Originating from the western ghat forests of southern India, Cardamom is one of the most ancient spices known to mankind. It is a wild growing bush and is now grown in Guatemala, Indo China, Sri Lanka and Tanzania. Its flavor and cleansing quality made it a popular tooth cleaner in ancient Egypt and it was used by Greeks and Romans as a perfume. About a thousand years ago, the Vikings made it popular in Scandinavia when they took it from Constantinople.
Being the second most costly spice, first being Saffron, Cardamom is often adulterated with bastard cardamom, Nepal cardamom, Java cardamom and winged cardamom, the inferior quality but similar looking plants. The genuine cardamom known as Elettria Cardamomum has two main varieties – Malabar Cardamom and Mysore Cardamom – grown in India. Mysore Cardamom has more aroma than others because the content level of cineol and limonene in it is high.
Cardamom as Spice
A ginger-like plant’s seed contains cardamom. Found in clusters of three double row pods on the plant, the small and sticky 5-20 mm long seeds, six in a row in the pod, are brown-black in color. The large ones, known as ‘blacks’ are brown in color and the smaller variety is green colored. Now a day bleached white pods are available. The design of the pods is either oval or oblate and they have a triangular cross section. The large sized have wrinkled skin and when dried the surface gets rough with texture of the pods like that of tough paper. Cardamom pods are sold whole or split and the seed are available loose or grounded but the real flavor of cardamom is always in the whole variety.
Smell: cardamom has a warm but pungent aroma.
Flavor: The large variety has a strong blunt flavor with strong undertones of eucalyptus and camphor. The small variety has added lemon undertones.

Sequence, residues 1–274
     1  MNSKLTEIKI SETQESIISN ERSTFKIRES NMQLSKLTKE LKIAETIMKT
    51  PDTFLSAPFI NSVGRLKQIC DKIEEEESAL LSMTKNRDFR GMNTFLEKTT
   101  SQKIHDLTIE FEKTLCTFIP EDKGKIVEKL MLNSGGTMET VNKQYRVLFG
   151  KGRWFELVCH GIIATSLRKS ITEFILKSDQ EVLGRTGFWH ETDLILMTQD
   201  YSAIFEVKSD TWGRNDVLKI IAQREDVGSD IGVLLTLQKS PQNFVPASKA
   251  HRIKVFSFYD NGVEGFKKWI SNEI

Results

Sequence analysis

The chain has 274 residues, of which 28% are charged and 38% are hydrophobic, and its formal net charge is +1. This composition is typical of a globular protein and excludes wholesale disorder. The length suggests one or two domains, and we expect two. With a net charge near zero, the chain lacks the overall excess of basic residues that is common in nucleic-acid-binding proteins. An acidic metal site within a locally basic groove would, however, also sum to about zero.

Hotness Scale: 2
Culinary Uses of Cardamom
Cardamom finds various ways of use in the Indian kitchens. In pulses it is used as whole or split but when used in other dishes it is either grounded or mixed with other ingredients when frying. It is advisable to keep the pod as whole until it is used as it has no flavor of its own but leaves a bitter flavor in the dishes.
Cardamom is widely used in near and far east. In the western countries it finds use in Dutch Biscuits and Scandinavian akvavit, Cakes and Pastries. It is a must in Indian flavored curries, pulses and pulaos (rice dishes). It can also be found in Indian sweets and drinks but only on festivals because of its high price. It is sparingly used in pickles, mulled wines, cooked meat, poultry and shellfish, as a flavor in custards and Russian liqueurs. In places where it is available abundantly, people chew it with betel leaves. In Turkey and Arab countries it is a ritual to serve tea or coffee laced with cardamom.
In Allopathic medicines cardamom is not used directly as an ingredient but is used as a flavoring base in conjunction with other ingredients in medicines for cure of indigestion and flatulence ailments. The ancient Arabs found it to be a sex stimulant and the Indians used it to cure obesity and indigestion. It still finds use as a sex stimulant by making a cordial of the seeds in hot water.
It is a wild growing bush in the tropics, a member of the ginger family having a tuberous trunk and stems reaching up to 6-16 feet and leaves spanning 1-2 feet in length and 2-6 inches wide. Leafy branches growing at the ground level bear the pods and green flowers. Plantation of cardamom is done in tropical zones under the shades of trees and seeds are sowed 10 feet apart. The pods are gathered before their ripening between October and December and dried in the sun for use.